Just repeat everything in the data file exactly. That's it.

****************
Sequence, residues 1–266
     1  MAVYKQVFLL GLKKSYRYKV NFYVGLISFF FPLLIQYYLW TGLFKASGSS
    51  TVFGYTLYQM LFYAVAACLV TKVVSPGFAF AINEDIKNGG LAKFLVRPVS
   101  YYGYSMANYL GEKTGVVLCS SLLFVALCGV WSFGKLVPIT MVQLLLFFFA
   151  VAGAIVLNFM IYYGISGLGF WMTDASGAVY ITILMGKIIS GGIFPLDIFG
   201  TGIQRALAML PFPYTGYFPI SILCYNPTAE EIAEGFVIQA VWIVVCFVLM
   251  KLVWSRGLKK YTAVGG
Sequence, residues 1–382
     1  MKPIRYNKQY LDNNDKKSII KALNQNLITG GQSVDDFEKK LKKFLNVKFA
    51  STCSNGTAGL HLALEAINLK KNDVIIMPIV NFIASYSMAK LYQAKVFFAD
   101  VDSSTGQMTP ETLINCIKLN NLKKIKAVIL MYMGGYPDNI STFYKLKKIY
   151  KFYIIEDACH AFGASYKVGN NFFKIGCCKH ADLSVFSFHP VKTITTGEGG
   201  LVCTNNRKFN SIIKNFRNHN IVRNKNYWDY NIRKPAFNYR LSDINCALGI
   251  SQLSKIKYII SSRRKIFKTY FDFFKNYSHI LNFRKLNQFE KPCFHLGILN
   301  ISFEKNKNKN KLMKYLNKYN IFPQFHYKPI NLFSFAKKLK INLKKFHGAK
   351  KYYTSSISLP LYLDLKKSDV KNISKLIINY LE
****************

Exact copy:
Sequence, residues 1–266
     1  MAVYKQVFLL GLKKSYRYKV NFYVGLISFF FPLLIQYYLW TGLFKASGSS
    51  TVFGYTLYQM LFYAVAACLV TKVVSPGFAF AINEDIKNGG LAKFLVRPVS
   101  YYGYSMANYL GEKTGVVLCS SLLFVALCGV WSFGKLVPIT MVQLLLFFFA
   151  VAGAIVLNFM IYYGISGLGF WMTDASGAVY ITILMGKIIS GGIFPLDIFG
   201  TGIQRALAML PFPYTGYFPI SILCYNPTAE EIAEGFVIQA VWIVVCFVLM
   251  KLVWSRGLKK YTAVGG
Sequence, residues 1–382
     1  MKPIRYNKQY LDNNDKKSII KALNQNLITG GQSVDDFEKK LKKFLNVKFA
    51  STCSNGTAGL HLALEAINLK KNDVIIMPIV NFIASYSMAK LYQAKVFFAD
   101  VDSSTGQMTP ETLINCIKLN NLKKIKAVIL MYMGGYPDNI STFYKLKKIY
   151  KFYIIEDACH AFGASYKVGN NFFKIGCCKH ADLSVFSFHP VKTITTGEGG
   201  LVCTNNRKFN SIIKNFRNHN IVRNKNYWDY NIRKPAFNYR LSDINCALGI
   251  SQLSKIKYII SSRRKIFKTY FDFFKNYSHI LNFRKLNQFE KPCFHLGILN
   301  ISFEKNKNKN KLMKYLNKYN IFPQFHYKPI NLFSFAKKLK INLKKFHGAK
   351  KYYTSSISLP LYLDLKKSDV KNISKLIINY LE